Author: Sir Anthony Evans*
Published: April 2011
1. The first draft I saw of the program for today’s discussion contained a misprint. It read “Arbitration and the Rule of Law” and immediately I panicked. “What have I let myself in for?” I asked myself, though without waiting for an answer I began to think that, maybe, it could be interesting to speculate whether arbitrators are or should be concerned with the wider principles of justice and human rights and matters of that sort. However, the misunderstanding was removed, and I am asked to address “Arbitration and the Role of Law” which, as will appear, I would prefer to paraphrase as “Arbitration and the Role of National Courts.”
2. One preliminary – all that I or anyone else can say is conditioned by our personal experience, whether as arbitrators or judges or, as I have been fortunate to be, as both. Whilst acknowledging this, I shall try to speak of institutions rather than individuals, and of the relationship between two essentially different processes of dispute resolution, between arbitration and proceedings in national courts.
3. I appreciate that the background to any discussion of this topic is a widespread feeling, or wish, among some practitioners, that international commercial arbitration (which will be my primary concern) has now achieved some transnational or independent status which makes it wholly independent both of national courts and of national systems of law. I am not qualified and I do not intend to venture into that jurisprudential debate. My object is to describe things as I see them and I leave it to others – and to you – to decide whether international arbitration has achieved the total independence that is sometimes claimed for it.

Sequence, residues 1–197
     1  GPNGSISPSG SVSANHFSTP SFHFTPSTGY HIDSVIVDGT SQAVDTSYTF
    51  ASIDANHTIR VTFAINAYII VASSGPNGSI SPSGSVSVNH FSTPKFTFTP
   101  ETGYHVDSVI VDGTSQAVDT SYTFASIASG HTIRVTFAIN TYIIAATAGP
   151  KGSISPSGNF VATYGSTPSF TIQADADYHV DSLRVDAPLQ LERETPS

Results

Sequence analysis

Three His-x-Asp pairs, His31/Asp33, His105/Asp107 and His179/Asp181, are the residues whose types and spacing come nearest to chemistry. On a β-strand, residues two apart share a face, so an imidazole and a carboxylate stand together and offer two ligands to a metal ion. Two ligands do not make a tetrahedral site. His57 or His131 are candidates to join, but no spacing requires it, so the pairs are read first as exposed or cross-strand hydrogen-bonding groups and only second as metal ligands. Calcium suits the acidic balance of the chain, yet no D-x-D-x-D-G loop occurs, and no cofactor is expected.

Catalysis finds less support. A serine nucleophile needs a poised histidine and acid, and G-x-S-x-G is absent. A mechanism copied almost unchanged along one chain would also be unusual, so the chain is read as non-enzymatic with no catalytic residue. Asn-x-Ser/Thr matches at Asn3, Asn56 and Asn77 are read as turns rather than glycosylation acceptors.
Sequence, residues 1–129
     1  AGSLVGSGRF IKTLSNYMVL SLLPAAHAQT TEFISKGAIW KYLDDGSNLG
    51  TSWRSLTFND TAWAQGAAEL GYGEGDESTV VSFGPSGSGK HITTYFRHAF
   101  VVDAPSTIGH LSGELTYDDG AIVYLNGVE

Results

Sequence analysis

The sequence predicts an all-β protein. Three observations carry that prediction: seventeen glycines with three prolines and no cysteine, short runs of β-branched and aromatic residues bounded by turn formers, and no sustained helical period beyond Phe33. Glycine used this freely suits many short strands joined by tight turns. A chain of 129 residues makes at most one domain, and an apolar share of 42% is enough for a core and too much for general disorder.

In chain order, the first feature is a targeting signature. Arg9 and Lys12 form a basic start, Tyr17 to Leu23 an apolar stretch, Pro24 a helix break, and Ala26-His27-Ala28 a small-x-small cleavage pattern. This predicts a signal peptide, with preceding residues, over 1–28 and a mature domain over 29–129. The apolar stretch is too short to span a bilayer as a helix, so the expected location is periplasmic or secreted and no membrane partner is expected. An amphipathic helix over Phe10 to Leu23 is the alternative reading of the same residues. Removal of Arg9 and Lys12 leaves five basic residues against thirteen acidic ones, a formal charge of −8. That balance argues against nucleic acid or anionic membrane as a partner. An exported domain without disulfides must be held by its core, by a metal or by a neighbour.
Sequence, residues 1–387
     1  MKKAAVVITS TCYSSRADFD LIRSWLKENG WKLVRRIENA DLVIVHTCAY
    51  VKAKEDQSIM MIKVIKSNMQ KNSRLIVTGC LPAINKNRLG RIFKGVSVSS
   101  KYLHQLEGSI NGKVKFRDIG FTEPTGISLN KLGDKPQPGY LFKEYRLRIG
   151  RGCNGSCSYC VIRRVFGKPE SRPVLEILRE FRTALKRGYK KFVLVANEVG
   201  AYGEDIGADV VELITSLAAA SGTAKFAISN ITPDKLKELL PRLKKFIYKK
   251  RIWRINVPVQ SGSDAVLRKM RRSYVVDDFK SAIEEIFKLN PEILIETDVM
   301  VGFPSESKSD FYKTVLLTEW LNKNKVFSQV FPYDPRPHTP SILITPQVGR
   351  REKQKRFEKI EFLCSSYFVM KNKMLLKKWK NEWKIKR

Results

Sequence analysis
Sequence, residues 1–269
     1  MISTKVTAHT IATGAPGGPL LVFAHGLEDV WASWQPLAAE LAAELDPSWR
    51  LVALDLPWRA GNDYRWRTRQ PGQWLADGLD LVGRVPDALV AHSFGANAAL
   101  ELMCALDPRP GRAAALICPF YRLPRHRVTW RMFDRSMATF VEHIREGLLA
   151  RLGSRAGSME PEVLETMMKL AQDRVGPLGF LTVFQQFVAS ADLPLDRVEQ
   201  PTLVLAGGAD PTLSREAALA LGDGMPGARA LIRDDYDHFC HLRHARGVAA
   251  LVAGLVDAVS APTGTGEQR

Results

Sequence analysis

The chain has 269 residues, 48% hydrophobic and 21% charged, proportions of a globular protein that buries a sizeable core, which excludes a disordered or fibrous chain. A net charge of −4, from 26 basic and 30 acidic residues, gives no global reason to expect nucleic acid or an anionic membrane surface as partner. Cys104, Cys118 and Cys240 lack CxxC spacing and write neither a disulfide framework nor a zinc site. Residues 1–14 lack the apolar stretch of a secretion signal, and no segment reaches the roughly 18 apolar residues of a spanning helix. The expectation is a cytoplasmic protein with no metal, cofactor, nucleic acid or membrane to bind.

4. So I begin with some basic propositions that may or may not be challenged, though I hope not. These are:
a. National Courts are the judicial arm of the State – and only the State has power, through its executive arm, to enforce judgments made by Courts and awards made by arbitrators against persons within its jurisdiction. (Note there are limited forms of self-help in the commercial context, including for example rights of set-off and to exercise liens and to settle accounts through a third party; and it is probably correct that in the great majority of commercial arbitrations, certainly those conducted under the auspices of arbitration institutions, awards are settled voluntarily so the need for enforcement does not arise.)
*Former member of the Court of Appeal for England and Wales, 1992-2000, and Chief Justice of the DIFC Courts, Dubai, 2005-2010. Justice of Appeal, Bermuda, 2003 to date. High Court Judge (Commercial Court) 1984-1992, and an international arbitration since 2000.